Soil moisture has a strong influence on the stability of shallow colluvial hillslopes. Thus, it is often necessary to monitor seasonal variations of soil moisture at individual sites of interest. This work demonstrated a workflow showing that satellite-based soil moisture data can be downscaled through machine learning and used as a source of data for landslide stability analyses. In particular, the NASA Soil Moisture Active Passive (SMAP) Level 4 Root Zone Soil Moisture (L4_SM) product provides near-real-time measurements of soil moisture on a gridded spatial resolution of 9 km. Such resolution, however, is too coarse for soil moisture measurements at a single site. Therefore, satellite-based soil moisture data must be downscaled for use in slope stability assessment at individual sites. This study used a machine learning (ML) technique, Random Forest Regression, to downscale the SMAP Level 4 Root Zone Soil Moisture product and applied the results to landslide slope stability analyses. We modeled the L4_SM data based on 1 km NASA Moderate Resolution Imaging Spectroradiometer (MODIS) products. First, the MODIS products were upscaled from 1 km to 9 km and used as features, combining with L4_SM data as labels to train the Random Forest model. Then, the L4_SM data were downscaled from 9 km to 1 km through the trained model and locally calibrated to that of ground-based data by linear regression. The processed SMAP data were served as the input of an infinite-slope stability model, which was used to investigate incipient slope failure conditions. The slope stability results were verified using known landslide occurrences in the Commonwealth of Kentucky. Results of this work showed that the stability models constructed using downscaled L4_SM data functioned well at detecting incipient conditions at the investigated sites. The purpose behind this study was to develop a process flow routine through which SMAP L4_SM data can be downscaled through machine learning as well as investigating the potential efficacy of utilizing downscaled L4_SM to conduct landslide stability analyses.
|Number of pages
|Geotechnical Special Publication
|Published - 2022
|2022 GeoCongress: State of the Art and Practice in Geotechnical Engineering - Advances in Monitoring and Sensing; Embankment, Slopes, and Dams; Pavements; and Geo-Education - Charlotte, United States
Duration: Mar 20 2022 → Mar 23 2022
Bibliographical noteFunding Information:
This material is based upon work primarily supported by the National Science Foundation (NSF) under award number EEC-1449501. Any opinions, findings and conclusions, or recommendations expressed in this paper are those of the author(s) and do not necessarily reflect those of NSF.
This research was partially funded by National Aeronautics and Space Administration (NASA) under grant No. 18 -DISASTER18 -0022. The original field deployment was conducted under the Auspices of the ASCE Geo-Institute Technical Committee on Embankments, Dams and Slopes.
The authors wish to express their gratitude for the funding and support provided by the Texas Department of Transportation that made this research possible.
This development project was awarded as an MnDOT contract (no. 34287) [Federal Project Number TPF -5 (341)] and funded by National Road Research Alliance (NRRA). We acknowledge all those groups and organizations contributed to the fund. We thank all Technical Advisory Panel (TAP) members for the constructive feedback. Special thanks go to Jason Richter (JR) and Rebecca Embacher at MnDOT for providing insights to the proper steering of the development and also serving as liaison (JR) during the project execution.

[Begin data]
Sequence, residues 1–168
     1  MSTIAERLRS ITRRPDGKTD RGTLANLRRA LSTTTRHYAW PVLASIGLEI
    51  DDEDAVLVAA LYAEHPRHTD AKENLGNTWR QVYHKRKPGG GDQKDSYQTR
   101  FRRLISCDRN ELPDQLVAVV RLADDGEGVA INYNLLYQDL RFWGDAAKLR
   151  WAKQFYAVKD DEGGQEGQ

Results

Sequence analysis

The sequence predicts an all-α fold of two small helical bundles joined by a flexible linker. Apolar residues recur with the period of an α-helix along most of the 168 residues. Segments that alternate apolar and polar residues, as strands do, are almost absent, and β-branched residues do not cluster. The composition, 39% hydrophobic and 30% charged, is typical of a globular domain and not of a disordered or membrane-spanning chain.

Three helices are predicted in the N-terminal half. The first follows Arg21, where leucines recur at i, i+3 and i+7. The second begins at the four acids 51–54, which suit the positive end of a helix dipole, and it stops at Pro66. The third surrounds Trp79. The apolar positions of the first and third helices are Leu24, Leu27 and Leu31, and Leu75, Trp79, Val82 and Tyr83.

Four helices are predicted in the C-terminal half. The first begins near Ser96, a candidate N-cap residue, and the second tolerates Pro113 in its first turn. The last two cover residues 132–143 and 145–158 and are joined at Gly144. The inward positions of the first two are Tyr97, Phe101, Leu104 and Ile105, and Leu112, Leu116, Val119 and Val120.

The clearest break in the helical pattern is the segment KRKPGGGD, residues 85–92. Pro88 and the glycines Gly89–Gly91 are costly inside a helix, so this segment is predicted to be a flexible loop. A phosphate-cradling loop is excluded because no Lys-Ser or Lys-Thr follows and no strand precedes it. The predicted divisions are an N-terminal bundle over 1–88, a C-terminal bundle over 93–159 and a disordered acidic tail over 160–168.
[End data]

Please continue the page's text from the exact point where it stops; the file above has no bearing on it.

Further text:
This NSF-GOALI project is funded by the National Science Foundation (NSF) under grant CMMI 1917168. The authors gratefully acknowledge our colleagues at the Los Angeles Metro (Metro) for their partnership in this research study, our colleagues who work in consulting capacities for the LA Metro and its expansion projects, as well as the LA Metro Tunnel Advisory Panel (TAP) for their continued technical input and support. Specifically, we acknowledge Dr. Androush Danielians and Mr. Joe Demello, as well as Mrs . Amanda Elioff and Dr. Roy Cook. The original design, monitoring, and field data analysis during construction of the Exploratory Shaft was conducted in part by Parsons Brinkerhoff (now WSP USA) and Wood Inc (Formerly AMEC). The Exploratory Shaft was const ructed by ICS, Inc.
This study is supported by Christian R. and Mary F. Lindback Foundation and the Geotechnical Women Faculty Program (GTWF). The team would like to thank undergraduate students, Mr. Adam King, Mr. Piero Benites, and Mr. Dino Spinelli, for supporting the development of hands-on activities.
The authors would like to thank the Office of Naval Research for funding this project through grant N00014-18-1-2435. The authors also thank Julia DiLeo and Raymond Turner of CSTARS for assistance with image collection as well as the technical staff at the USACE-FRF including Heidi Wadman, Jesse McNinch, and Pat Dickhut for assistance with site access and data collection. Finally, the authors would like to thank Nick Brilli assistance in data collection.
Formation of a Dispersed Soil Arch in Embankm ents Supported by Columns with Cap Beams and the Development of System Efficacy ...................................221
This material is based upon work supported by the National Science Foundation (NSF) under NSF Award Number CMMI–1632963. Any opinions, findings and conclusion, or recommendations expressed in this material are those of the authors, and do not necessarily reflect those of the NSF.
The authors would like to acknowledge the financial assistance from the Australian Research Council (ARC -DP180101916). The assistance provided by industry (RMS, Douglas Partners ASMS, South 32, and Tyre Crumbs Australia) in relation to the procurement of m aterial used in this study is gratefully acknowledged. Some figures in this paper have been modified and reproduced from ASCE J. Geotech. Geoenviron. Engin. and J. Mater. Civil Engin.
The authors would like to thank Texas Department of Transportation (TxDOT) for funding this research under project 0-6936 through the Center f or Transportation Research (CTR) at the University of Texas at Austin.
This material is based upon work supported by the Delaware Department of Transportation under DelDOT Project Number T201966002, Task 1891 -28. The authors would like to express their gratitude to the Delaware Department of Transportation and Greggo & Ferrara, Inc (especially Nicholas Ferrara III and Dave Patrick) for facilitating access to the project site during the duration of this study.